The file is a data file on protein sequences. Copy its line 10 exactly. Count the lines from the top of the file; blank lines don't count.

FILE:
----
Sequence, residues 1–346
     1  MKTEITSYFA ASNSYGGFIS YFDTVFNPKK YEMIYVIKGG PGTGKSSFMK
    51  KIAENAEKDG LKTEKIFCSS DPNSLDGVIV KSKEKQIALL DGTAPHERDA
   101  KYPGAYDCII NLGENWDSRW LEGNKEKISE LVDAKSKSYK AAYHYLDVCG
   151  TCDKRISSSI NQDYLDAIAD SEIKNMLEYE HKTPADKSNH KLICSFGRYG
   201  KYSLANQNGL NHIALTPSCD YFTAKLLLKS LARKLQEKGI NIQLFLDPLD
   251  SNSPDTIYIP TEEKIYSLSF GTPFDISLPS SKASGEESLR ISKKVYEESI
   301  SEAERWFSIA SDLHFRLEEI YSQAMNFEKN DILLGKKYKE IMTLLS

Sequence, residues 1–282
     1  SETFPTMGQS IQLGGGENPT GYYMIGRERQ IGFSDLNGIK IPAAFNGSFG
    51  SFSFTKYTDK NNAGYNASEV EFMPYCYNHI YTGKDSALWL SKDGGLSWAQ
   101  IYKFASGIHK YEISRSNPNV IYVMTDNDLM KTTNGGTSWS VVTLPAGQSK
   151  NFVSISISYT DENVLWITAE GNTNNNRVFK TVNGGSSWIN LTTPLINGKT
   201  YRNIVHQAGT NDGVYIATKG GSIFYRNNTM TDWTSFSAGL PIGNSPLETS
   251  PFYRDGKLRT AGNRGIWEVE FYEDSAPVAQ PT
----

     1  SETFPTMGQS IQLGGGENPT GYYMIGRERQ IGFSDLNGIK IPAAFNGSFG